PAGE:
Atlantic Yards/Pacific Park: Brooklyn's most contested real estate development, the story of its tangled path, a look at current construction, and what is to come.
You can't understand Atlantic Yards (in 2014 disingenuously renamed Pacific Park Brooklyn) and the Barclays Center arena unless you see the context for the 22-acre project. It begins at the edge of Downtown Brooklyn and extends through blocks in Prospect Heights that were formerly residential and mixed-use, with industrial and commercial buildings. The arena and project are set in Prospect Heights near the border with Fort Greene
I'm also the journalistic expert on the project, writing the daily Atlantic Yards/Pacific Park Report watchdog blog and working on a book. I've led Atlantic Yards tours for high school, college, and grad school classes, visiting dignitaries from Korea and China, and the general public.
In June 2010, I wrote an pointed essay for the New York Times Sports section headlined "A Russian Billionaire, the Nets and Sweetheart Deals." In December 2012, I wrote an essay for Reuters about Brooklyn's vaunted, tainted Barclays Center. And in January 2015, I warned (presciently) in the Times that it would be unwise to hold the Democratic National Convention in Brooklyn.
You can't understand Atlantic Yards (in 2014 renamed Pacific Park Brooklyn, disingenuously) and the Barclays Center arena unless you see the context for the 22-acre project. It begins at the edge of Downtown Brooklyn and extends through blocks in Prospect Heights.
The project is being built over and beyond an 8.5-acre railyard, including a basketball arena (for the new Brooklyn Nets, formerly New Jersey Nets) and 16 mostly-residential towers, up to 510 feet tall. Three streets have been demapped.
The project, announced in 2003, was supposed to take a decade. Then it was supposed to be finished by 2016. Contracts signed in 2009 allowed the project to linger to 2035. In June 2014, a new schedule accelerated the much-desired affordable housing to 2025; more quietly, the affordability standards for the next towers were relaxed.
The much-touted original project architect, Frank Gehry, was dropped in order to "value-engineer" the Barclays Center arena, designed by the firm Ellerbe Becket, which designed Conseco Fieldhouse in Indianapolis, with a pre-rusted metal "skin" by SHoP, a buzzy New York firm, which rescued a derided design.
SHoP is also designing the first residential tower, originally due in late 2014 but stalled for months at ten stories and now due by late 2016. It's now the subject of bitter lawsuits. When announced, the 32-story tower was to be the tallest building ever built via modular construction.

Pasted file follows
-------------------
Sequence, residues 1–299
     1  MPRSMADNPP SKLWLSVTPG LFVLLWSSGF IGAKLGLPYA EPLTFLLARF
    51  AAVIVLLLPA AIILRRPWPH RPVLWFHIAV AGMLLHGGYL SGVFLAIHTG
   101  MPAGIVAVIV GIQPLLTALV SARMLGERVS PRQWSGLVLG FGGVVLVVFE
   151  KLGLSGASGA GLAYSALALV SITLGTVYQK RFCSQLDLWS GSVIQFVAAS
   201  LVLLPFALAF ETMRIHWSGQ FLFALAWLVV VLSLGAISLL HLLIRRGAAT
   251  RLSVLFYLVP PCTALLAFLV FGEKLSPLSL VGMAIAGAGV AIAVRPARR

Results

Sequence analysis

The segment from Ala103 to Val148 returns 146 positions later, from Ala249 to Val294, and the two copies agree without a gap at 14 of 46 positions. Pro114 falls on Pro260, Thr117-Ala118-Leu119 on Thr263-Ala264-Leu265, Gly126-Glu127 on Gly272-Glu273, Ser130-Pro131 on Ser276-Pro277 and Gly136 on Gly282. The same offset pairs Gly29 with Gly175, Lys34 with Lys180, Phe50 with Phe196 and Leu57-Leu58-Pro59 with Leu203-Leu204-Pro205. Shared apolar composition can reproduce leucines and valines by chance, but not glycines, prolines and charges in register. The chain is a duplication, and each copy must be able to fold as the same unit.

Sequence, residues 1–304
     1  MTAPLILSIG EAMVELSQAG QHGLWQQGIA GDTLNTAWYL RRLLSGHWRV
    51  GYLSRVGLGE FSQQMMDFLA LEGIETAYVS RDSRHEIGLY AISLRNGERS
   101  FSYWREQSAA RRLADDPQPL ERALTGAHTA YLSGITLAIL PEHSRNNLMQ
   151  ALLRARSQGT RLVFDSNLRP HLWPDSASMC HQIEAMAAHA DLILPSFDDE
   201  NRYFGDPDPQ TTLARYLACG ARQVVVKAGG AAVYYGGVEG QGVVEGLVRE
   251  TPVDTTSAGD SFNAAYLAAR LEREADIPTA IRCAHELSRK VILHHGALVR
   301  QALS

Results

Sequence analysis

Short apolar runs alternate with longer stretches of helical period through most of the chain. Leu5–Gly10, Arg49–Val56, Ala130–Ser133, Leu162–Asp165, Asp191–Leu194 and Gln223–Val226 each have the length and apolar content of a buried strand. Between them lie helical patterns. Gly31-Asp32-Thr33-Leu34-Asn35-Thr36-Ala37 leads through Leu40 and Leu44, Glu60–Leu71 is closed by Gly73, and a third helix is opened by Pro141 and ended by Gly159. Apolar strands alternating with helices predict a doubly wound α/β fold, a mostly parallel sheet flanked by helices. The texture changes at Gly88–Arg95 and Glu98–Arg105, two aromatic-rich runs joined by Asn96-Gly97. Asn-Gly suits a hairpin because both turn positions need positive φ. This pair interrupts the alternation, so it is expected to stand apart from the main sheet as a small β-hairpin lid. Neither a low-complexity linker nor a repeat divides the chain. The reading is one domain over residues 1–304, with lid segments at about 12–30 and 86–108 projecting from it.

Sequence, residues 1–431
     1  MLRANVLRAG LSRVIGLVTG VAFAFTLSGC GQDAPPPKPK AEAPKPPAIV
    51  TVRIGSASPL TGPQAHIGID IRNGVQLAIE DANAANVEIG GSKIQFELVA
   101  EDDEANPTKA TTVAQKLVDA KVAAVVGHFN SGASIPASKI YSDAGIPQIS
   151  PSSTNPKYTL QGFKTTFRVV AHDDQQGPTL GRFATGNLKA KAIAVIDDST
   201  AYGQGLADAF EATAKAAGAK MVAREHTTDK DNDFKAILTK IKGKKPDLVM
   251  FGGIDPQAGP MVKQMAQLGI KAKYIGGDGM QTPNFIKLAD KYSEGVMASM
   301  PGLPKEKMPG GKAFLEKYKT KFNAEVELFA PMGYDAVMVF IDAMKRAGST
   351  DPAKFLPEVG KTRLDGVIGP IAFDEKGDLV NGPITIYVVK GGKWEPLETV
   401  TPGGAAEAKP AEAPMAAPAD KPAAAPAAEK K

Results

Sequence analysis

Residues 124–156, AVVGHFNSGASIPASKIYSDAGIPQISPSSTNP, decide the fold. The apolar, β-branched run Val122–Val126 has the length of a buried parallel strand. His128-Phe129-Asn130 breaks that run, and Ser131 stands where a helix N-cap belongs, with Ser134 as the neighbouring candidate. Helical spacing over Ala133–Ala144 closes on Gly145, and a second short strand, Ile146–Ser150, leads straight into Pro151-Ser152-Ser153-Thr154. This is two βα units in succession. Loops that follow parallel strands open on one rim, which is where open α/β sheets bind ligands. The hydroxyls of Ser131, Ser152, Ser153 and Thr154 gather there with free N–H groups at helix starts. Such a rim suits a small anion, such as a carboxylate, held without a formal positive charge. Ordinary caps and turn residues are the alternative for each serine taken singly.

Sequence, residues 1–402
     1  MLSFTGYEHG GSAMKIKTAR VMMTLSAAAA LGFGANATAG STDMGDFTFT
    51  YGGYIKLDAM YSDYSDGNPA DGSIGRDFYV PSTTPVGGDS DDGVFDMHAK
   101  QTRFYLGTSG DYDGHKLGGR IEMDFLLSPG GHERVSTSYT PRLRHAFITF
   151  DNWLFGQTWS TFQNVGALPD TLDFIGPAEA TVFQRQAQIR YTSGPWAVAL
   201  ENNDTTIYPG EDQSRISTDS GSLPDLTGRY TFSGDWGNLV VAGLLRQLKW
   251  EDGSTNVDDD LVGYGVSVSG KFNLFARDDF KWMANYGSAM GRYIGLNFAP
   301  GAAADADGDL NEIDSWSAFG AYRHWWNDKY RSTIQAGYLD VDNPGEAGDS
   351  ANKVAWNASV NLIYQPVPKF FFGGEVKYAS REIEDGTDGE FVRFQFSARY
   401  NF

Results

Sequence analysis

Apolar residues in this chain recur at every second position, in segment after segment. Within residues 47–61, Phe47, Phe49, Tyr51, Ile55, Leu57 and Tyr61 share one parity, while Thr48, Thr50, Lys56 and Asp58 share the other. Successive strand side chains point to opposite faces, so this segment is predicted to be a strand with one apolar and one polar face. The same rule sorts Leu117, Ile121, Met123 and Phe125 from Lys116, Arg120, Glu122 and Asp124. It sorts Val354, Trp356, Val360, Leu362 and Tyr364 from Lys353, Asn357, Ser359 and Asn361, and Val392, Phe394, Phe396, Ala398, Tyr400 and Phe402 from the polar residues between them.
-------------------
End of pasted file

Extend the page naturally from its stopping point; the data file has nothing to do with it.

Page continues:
The next towers at the eastern end of the project, to be built conventionally, are being designed by Cook Fox, while SHoP is designing the three towers at the arena block). Note, however, the absence of the planned tower over the arena plaza.
Most architecture critics and sports facility mavens have lauded the arena, though neighbors are less positive. Still, it's difficult to evaluate the entire unbuilt arena block, much less the full project.
Initial arena operations provoked some surprises: less traffic than feared, but drivers and limos inundating residential streets, and leaking bass from certain concerts, which in 2014 provoked the installation of a new green roof.
In 2-2.5 hours, we can visit adjacent neighborhoods, including nearby Fort Greene and the new Prospect Heights Historic District, to get a sense of the the crossroads location and the history of development around the site. We'll also go to the arena plaza--officially temporary--with its important new subway entrance to the Atlantic Avenue transit hub.
Among the issues: the scale of the project, the role of "smart growth," transportation access and traffic challenges, interim surface parking; the provision of open space (initially designed by Laurie Olin), the claims of blight, provision of affordable housing, and developer Forest City Ratner's history in Brooklyn, including two malls near the project site. (One sits on land once proposed for a new Brooklyn Dodgers stadium.)
We'll see the buildings that are left, and/or slated for destruction, and the construction under way. We'll also see the new businesses that are trying to take advantage of the arena, as well as sites that likely will have new operators in the near future. Some businesses very near the arena have changed hands but still haven't found tenants.
We'll continue to the rest of the project site, including the location of new development, the under-construction railyard, and the adjacent historic district.
Contrasts and changes
Proponents tout "jobs, housing, and hoops," including a restoration of Brooklyn to the major league status it lost when the baseball Dodgers left for Los Angeles in 1957. The project would be very dense, involving 6430 apartments. Among them would be 2250 subsidized rentals, part of a negotiation with the housing advocacy group ACORN, which has generated significant political support for the project.
In late 2013, Forest City agreed to sell 70% of the remaining project to the Greenland Group, owned by the government of Shanghai. The deal closed in June 2014 with a pledge to build the project, or at least the full 2,250 subsidized units, by 2025.
I often say "Atlantic Yards is a never-say-never project." Who would have expected that the Nets would be bought by Russian oligarch Mikhail Prokhorov? That the new majority owner of the project would be a company owned by the government of Shanghai? Stay tuned for the next changes.